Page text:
So this is a hard to accomplish exploit, and is really only accomplishable by first exploiting another exploit first, or by an employee with some level of trusted access, though this employee might not normally have actual database access. I do believe you should be aware of it, as it leaves open an avenue you may not be thinking of.
A sample application
So the first thing we need is an application that uses Flyway, let’s just use the Spring Boot Flyway Sample. The example is semi contrived, I discovered the problem though trying to use flyway to create admin users for PostgreSQL.
All we need to do is add a second, or modify the existing insert statement in
If you run the code now, it’ll error that the placeholders aren’t set, so edit
running it you’ll see the following output
[Person [firstName=Dave, lastName=Syer], Person [firstName=Caleb, lastName=Cushing]]
Our code is working and we’re all set? right? Strings are quoted, so it’s secure? well that’ll make exploiting this harder, but it should also be your first cue that this is vulnerable, injection secure code never has quotes like this.
Let’s modify one of our placeholders to contain something a bit more nefarious.
flyway.placeholders.adminfirst=', ''); DROP TABLE person; --
Now if you run the code you’ll notice the app fails to start during the
person table being missing. Obviously you
could do something more subtle, like add a user to the database. I can already hear your protest though, you had to
modify a file to do this. To address that, unmodify the line back to
Caleb, now before running the app set the
environment variable in your shell (or however you set environment variables)
Run the application again, you’ll see the same error you had before, when it was in your properties file. Spring Boot will override any defined property with an environment variable.
You can view the full code example here.
Why it’s important
Ok, so in order to do this you have to have access to the environment that Flyway runs on, while migrations are running. That’ll never happen right? Take my AWS Docker Cloud, you can protect AWS with multifactor (2fa), and api credentials seem pretty secure. What about Docker Cloud? To access that control panel, which gives you access to start, stop and modify the environment variables of servers with a simple gui, all you need is a password. This reinforces my opinion that Docker doesn’t care about your security. Yeah but they still need your password, sure so how secure is that? do you use a different one for each site? if so how are you storing them? I mean with LastPass’s recent zero days can you ever really be sure? What if they’re an employee that you thought was adequately restricted because they only have access to the cloud control panel (25% of breaches are internal)? What about your container build process? is that secure? Oh and let’s also consider that by default, PostgreSQL, its container, Flyway, and Spring Boot, do not log the SQL executed by the connection; so how are you going to figure out if someone did exploit the system?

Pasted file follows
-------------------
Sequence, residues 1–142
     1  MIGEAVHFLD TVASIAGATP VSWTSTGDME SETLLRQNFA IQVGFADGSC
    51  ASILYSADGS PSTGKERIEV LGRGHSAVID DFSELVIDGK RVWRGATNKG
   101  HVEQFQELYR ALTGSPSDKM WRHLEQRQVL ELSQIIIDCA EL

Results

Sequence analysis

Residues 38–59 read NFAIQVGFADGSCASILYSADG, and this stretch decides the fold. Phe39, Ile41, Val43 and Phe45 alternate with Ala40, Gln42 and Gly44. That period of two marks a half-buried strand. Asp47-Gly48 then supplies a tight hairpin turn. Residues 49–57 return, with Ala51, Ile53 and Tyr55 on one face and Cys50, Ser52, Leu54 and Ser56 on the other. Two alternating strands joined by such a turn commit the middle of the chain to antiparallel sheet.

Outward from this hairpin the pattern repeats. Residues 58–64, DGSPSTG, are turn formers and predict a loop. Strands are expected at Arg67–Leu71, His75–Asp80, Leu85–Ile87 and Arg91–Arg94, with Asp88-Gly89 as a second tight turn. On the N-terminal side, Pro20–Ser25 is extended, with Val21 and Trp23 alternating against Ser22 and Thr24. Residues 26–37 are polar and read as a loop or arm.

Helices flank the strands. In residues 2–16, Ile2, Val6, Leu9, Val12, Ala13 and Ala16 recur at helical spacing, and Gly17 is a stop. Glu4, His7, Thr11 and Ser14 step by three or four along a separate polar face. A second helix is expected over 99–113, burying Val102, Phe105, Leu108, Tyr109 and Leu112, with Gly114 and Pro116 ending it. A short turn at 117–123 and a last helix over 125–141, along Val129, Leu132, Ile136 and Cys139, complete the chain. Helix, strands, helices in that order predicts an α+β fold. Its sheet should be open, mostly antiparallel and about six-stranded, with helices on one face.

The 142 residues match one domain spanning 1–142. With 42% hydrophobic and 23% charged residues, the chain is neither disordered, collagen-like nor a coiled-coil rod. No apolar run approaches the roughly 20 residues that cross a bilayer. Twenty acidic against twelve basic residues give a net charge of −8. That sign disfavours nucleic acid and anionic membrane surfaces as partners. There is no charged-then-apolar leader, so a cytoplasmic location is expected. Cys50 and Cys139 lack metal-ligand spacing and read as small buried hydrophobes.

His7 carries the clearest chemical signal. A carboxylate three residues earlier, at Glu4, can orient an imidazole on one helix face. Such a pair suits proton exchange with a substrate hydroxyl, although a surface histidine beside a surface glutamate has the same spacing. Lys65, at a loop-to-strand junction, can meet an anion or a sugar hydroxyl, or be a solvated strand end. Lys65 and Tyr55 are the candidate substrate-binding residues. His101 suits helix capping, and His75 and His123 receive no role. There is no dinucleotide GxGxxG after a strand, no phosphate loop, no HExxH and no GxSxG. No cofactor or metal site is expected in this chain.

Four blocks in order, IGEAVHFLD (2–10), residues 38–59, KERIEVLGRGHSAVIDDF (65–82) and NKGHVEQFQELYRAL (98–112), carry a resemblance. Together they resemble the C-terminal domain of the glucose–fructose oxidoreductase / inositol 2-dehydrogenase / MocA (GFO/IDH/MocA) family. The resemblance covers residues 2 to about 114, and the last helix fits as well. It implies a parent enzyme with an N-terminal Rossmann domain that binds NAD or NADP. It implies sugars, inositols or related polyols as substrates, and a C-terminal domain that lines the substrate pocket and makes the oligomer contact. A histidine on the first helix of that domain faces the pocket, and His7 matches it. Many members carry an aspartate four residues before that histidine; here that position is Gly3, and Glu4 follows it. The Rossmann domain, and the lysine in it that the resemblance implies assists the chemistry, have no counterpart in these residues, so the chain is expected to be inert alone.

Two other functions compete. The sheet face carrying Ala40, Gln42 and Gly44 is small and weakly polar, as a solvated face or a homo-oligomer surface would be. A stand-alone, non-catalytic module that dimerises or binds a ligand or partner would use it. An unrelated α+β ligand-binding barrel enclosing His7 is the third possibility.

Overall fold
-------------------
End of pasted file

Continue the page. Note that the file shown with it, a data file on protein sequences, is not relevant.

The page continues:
Is this a practical attack? probably not, and if they have access to your environment variables there’s a good chance you’re already owned worse than this. Seriously though, how hard is it to set an environment variable? have you seen ShellShock? reality is, I don’t know how hard it would be to create this exploit in your system, or how many employees you have that could. Maybe all the employees that could already have SQL access anyways.
A better way to provision PostgreSQL users in Docker
So my original StackOverflow question was trying to set up Postgres Users with flyway for my initial Docker container configuration. I did find a better way to do this, instead of doing it with flyway, I’m doing it with PostgreSQL itself. Now this is still and environment variable, and there’s a whole lot of security implications to be had with putting security credentials into environment variables; it’s not really advised.
In order to do this you’ll need to extend the official PostgreSQL image, it will automatically run shell files in
-v in the below script sets a postgres variable.
now by default PostgreSQL variables are just as vulernable, but unlike Flyway, you can actually quote them properly.
So if you use
:"var" you can quote an identifier, if you use
:'var' you can quote a value. For more information on
this feature see your PostgreSQL Documentation.
PropertySource’s and conscious of how their values are used. Don’t use Flyway’s
placeholders with Spring Boot, instead disable them by setting
Also your application should never have access to your databases super user, not even when running changesets.
I did report bugs
- Flyway decided that they will not be adding any quoting features
- Spring has yet to comment, though my report is more to allow self sanitization, and Spring Core, doesn’t
implicitly properties to be set with environment variables (you can add this yourself though).